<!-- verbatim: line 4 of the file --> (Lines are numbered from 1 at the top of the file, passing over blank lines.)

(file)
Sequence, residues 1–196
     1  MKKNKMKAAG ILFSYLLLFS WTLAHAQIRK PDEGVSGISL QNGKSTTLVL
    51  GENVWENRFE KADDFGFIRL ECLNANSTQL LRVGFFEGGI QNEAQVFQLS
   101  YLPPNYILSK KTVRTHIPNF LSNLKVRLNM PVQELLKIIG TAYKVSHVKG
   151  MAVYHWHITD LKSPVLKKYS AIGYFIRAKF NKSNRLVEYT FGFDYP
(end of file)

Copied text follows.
   101  YLPPNYILSK KTVRTHIPNF LSNLKVRLNM PVQELLKIIG TAYKVSHVKG